Article by: Perry Romanowski
I learned about the $100 Startup book while listening to some podcast. I don’t recall which one, but the author made the book sound interesting and the book’s promise “Reinvent the Way You Make a Living, Do What You Love and Create a New Future” seemed like something that many people who frequent this blog would find interesting.
Overall, the author, Chris Guillebeau, does a great job of presenting a blueprint that anyone can follow to get started with their own business. Of course, he is talking about a specific type of business that you could start with $100, but the blueprint can be followed to start a cosmetic line (it will just cost more money). The writing is light, easy to understand, and he fills it with anecdotes of real-life entrepreneurs who have managed to start successful businesses following the steps he suggests. On some level, there are too many anecdotes and not enough substance but it makes for a more interesting read.
The book is organized in three parts broken up into 14 chapters. At the end of each chapter is a Key Points section which sums up the chapter in easy bullet points. That is nice for when you want to review the information later.
Part I is about the type of people who are entrepreneurs and has chapters which are supposed to help you decide whether you are that type and what type of business you should run. In the first chapter, you learn the three things needed to start a business:
- 1. A product or service
- 2. People who will pay for it
- 3. A way to get paid
The second chapter talks about what type of product or service you should create. Essentially the message is that you should figure out what people really want and sell that to them. The third chapter delves into your passions and figuring out whether they are suitable for establishing a business around. Some are and some aren’t. The fourth chapter gets into the topic of the easiest type of business to start and this is probably most suited for the advice in this book. It is the publishing business. Essentially, if you have some expertise and can write about it, you can have your own, successful business. Not exactly applicable to a cosmetic line, but pretty good for someone who wants to start a cosmetic formulation consulting business. The fifth and final chapter of part I talks about who your consumers might be. The days of separating people by traditional demographics is over.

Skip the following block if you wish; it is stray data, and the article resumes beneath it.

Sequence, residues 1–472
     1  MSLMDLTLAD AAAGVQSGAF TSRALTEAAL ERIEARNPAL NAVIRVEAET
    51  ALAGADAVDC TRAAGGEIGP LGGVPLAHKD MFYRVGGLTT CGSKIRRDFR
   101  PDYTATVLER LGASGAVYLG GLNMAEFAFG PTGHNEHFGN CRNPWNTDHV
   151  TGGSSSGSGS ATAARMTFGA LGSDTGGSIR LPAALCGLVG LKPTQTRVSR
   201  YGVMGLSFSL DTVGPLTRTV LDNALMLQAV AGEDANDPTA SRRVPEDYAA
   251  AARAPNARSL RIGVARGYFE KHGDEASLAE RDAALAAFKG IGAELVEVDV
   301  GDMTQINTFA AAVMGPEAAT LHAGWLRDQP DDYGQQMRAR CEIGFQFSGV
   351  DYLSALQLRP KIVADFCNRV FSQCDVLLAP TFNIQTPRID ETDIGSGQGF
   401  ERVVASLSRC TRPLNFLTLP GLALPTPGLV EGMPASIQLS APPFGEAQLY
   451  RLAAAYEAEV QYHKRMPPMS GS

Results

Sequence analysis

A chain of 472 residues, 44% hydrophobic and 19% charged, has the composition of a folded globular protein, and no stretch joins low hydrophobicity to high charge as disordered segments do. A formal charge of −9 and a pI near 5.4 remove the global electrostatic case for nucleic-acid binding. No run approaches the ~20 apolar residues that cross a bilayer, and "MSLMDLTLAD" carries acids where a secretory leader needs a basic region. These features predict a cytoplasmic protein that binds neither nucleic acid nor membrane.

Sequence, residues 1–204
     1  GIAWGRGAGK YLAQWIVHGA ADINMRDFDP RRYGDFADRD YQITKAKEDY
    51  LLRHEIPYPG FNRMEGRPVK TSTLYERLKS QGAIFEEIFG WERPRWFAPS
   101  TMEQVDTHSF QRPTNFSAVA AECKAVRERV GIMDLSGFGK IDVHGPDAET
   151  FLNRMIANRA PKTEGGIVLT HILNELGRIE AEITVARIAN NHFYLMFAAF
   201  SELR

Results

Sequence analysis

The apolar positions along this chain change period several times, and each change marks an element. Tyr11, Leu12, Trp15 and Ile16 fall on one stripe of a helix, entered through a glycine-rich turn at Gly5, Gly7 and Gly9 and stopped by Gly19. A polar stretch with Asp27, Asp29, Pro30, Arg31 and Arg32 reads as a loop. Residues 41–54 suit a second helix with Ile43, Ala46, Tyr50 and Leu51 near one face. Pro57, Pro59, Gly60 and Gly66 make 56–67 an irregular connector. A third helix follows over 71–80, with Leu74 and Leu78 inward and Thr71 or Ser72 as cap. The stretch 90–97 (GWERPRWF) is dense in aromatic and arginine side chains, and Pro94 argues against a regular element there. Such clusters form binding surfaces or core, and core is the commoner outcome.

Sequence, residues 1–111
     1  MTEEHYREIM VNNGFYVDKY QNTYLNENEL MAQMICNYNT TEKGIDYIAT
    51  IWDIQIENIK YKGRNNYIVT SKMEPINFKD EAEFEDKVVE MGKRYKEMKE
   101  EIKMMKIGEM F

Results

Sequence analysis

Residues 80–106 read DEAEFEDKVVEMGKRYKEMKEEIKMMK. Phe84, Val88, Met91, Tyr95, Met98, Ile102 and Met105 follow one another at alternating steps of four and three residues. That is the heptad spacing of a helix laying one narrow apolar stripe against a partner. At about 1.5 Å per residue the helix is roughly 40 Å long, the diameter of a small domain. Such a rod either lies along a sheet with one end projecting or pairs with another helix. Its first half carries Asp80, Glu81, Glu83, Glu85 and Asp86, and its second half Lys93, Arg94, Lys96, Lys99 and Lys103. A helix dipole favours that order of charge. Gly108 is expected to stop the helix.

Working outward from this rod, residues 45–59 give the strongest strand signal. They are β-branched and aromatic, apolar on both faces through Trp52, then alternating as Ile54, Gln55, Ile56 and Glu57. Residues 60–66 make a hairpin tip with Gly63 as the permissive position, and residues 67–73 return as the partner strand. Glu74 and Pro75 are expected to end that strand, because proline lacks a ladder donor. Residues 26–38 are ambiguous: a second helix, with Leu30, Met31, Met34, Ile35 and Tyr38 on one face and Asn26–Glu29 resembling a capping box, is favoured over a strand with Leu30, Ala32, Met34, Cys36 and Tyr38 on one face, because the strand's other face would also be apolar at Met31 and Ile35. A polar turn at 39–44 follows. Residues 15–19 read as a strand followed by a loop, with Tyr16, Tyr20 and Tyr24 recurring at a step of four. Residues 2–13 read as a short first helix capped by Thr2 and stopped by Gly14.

Part II is focused on helping you turn your business idea into an actual business. Chapter six talks about the all-important business plan and they show you how to do it in a single page. Chapter seven delves into marketing showing you how to craft your sales message that will make people want to buy your product. Chapter eight takes you through the process of launching your product and chapter nine focuses on advertising & whether it’s worth spending money on. The tenth chapter tells you how to raise money. For a person who wants to start a cosmetic line, this is critically important. Remember unless you have money to get your formula made and produced, you won’t be able to start a cosmetic business. It takes money.
Part III takes you through the final phase of your business…growth. In Chapter eleven you’ll learn how to tweak your business to increase sales. Chapter twelve describes the process of creating a franchise (not necessarily relevant to cosmetic businesses) and chapter thirteen gives advice on how to really make your business grow and be long lasting. The final chapter talks about failure and why you shouldn’t be afraid of it. He sums up all of the advice with the closing thought
Don’t waste your time living someone else’s life
It’s pretty good advice, although it doesn’t always pay the bills.
This is a very good book for someone who is dabbling with the idea of starting their own business and doesn’t know how to go about it. It also is filled with anecdotes so it’s easy and interesting to read. It’s even a little inspiring. If you read it, let me know what you think.